FORMULA 1 is set to postpone both the Bahrain and Vietnam Grands Prix amid the coronavirus pandemic, according to reports.
The Times claim the decision has already been made to cancel the events, after the Australian and Chinese races were also wiped out.
Race organisers appeared determined to go ahead with this weekend's season opener in Melbourne despite growing calls to cancel it.
However, once a McLaren staff member was confirmed to have contracted the virus, the weekend was eventually abandoned.
The initial plan was to hold the Bahrain GP behind closed doors but further doubt is now being placed on that event – especially as it is set to begin in a week's time.
After the Sakhir race on March 22, F1 is due to travel to Hanoi for the first-ever Vietnam GP on April 5.
Preparations are already well underway for the historic event, held on a temporary street circuit under construction for many months.
In contrast, teams have known for some time that April 19's trip to Shanghai International Circuit is off.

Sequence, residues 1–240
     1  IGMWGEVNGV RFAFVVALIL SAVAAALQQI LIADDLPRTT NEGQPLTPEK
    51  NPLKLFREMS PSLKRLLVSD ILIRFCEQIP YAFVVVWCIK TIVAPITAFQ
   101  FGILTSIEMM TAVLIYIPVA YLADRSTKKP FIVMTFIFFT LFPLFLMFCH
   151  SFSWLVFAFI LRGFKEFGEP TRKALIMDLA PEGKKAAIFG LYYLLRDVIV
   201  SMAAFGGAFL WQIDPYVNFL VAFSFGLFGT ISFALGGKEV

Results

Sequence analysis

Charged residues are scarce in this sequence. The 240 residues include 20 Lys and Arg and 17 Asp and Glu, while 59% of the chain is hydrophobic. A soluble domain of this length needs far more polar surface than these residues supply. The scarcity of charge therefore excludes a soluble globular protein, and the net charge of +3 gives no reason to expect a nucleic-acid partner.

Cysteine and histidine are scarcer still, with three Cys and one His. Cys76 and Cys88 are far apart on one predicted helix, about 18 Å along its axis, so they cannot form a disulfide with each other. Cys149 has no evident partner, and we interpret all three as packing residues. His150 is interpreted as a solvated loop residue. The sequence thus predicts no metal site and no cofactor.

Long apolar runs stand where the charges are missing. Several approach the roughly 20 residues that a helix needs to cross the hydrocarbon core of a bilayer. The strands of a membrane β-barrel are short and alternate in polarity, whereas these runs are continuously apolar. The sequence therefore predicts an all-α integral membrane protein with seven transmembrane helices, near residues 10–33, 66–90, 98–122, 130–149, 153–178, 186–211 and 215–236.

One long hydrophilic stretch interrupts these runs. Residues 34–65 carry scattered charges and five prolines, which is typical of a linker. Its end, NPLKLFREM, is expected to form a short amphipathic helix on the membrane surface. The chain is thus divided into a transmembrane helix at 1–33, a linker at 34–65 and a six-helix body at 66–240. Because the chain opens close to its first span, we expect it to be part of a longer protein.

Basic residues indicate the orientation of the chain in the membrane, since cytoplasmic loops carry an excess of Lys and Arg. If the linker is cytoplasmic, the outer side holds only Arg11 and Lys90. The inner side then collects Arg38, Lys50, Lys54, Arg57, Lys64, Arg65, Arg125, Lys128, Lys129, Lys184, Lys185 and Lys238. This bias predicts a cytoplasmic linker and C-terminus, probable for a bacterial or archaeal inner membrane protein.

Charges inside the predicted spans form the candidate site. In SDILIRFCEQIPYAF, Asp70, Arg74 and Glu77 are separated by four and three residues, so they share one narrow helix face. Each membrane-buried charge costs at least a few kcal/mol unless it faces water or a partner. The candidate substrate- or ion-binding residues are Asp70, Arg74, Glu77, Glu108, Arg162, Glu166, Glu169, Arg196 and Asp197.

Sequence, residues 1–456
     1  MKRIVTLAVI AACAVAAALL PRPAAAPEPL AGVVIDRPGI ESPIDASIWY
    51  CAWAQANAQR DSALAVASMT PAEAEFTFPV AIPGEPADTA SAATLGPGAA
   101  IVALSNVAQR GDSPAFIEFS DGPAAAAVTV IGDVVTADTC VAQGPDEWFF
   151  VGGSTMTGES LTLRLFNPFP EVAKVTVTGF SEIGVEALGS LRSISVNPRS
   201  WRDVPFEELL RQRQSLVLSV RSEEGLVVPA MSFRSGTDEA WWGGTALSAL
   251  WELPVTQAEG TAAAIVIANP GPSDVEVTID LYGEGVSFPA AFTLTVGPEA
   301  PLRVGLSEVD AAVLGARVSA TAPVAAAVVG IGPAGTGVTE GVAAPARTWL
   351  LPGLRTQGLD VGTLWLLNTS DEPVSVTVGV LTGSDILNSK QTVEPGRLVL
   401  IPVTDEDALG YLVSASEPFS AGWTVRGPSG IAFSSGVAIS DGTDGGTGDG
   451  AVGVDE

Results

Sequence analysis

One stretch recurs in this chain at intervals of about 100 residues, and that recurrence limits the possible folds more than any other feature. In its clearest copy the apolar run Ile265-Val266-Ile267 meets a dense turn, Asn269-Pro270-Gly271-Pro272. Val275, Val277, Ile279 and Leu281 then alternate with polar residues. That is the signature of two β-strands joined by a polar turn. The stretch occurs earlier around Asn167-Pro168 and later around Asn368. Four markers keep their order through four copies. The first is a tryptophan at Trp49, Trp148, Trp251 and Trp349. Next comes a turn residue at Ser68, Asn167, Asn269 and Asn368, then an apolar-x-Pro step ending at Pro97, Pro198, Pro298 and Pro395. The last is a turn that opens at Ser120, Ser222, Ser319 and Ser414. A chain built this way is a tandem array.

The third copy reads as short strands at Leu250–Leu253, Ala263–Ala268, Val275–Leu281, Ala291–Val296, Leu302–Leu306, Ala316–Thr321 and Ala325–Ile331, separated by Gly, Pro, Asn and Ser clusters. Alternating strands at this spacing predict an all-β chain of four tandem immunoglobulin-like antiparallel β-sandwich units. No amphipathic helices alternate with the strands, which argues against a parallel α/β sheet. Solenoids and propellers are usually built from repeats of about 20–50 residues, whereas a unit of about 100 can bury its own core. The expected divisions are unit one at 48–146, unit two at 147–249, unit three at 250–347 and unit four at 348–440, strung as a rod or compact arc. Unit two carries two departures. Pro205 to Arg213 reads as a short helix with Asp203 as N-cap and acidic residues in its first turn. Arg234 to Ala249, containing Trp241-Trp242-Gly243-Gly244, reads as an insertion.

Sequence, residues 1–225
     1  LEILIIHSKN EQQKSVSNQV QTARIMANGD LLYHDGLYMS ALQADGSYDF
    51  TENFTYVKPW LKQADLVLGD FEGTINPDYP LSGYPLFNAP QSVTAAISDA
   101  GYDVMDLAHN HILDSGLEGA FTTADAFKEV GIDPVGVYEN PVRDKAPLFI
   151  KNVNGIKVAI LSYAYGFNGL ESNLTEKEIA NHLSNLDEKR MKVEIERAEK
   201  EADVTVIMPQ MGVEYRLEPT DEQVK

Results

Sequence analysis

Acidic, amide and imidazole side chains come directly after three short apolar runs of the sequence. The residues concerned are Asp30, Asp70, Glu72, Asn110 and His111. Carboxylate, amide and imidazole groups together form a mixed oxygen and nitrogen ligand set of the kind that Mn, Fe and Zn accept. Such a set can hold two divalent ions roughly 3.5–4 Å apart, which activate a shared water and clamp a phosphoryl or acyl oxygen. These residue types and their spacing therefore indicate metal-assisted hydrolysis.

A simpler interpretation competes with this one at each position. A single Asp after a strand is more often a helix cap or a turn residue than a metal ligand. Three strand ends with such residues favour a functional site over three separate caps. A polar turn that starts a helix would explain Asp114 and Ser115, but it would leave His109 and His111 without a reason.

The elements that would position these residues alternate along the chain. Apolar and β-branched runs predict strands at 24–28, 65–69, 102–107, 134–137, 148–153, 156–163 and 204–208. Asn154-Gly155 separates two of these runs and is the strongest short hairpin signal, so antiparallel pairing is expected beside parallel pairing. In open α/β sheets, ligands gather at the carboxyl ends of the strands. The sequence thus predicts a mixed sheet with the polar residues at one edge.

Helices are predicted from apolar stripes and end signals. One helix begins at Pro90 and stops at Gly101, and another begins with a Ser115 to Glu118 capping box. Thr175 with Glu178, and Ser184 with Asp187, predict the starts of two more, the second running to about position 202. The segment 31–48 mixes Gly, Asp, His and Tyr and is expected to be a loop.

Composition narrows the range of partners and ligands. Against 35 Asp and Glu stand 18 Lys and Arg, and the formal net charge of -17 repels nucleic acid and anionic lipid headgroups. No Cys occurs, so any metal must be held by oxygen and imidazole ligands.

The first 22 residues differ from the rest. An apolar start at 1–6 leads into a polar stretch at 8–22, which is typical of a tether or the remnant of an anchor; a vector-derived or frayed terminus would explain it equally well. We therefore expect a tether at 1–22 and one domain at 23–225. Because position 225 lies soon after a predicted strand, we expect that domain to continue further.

That race was postponed in February, amid optimistic statements that it can be rescheduled for later in the year, after the outbreak began in China.
With the first four GPs cancelled, it will mean a start to the 2020 season on the first weekend of May when Dutch circuit Zandvoort hosts its first race since 1985.
Sport bosses had proudly announced a mega 22-race calendar at the end of last year, which is set to be cut to a more normal 18 before an official lap has been run.
However that calendar will be crammed into just seven months – before any of the postponed races are potentially rescheduled.
Indeed, there will now be fears over whether May 3's race in the Netherlands can take place too.
But Dutch health officials claimed earlier this week that they "see no reason not to let the Grand Prix go ahead".
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The director of the country's national health board, Sjaak de Gouw, told F1 Maximaal: "We do advise all event organisers to pay extra attention to hygiene measures and information.
"The threat of contamination that is present in the Netherlands will play an important role, but the threat is currently so low that any consideration will lead to the conclusion that all events can continue for the time being.
"If the virus spreads much further and more freely in the Netherlands or internationally in the coming month, this could change. But if I was a fan, I would go to the race."
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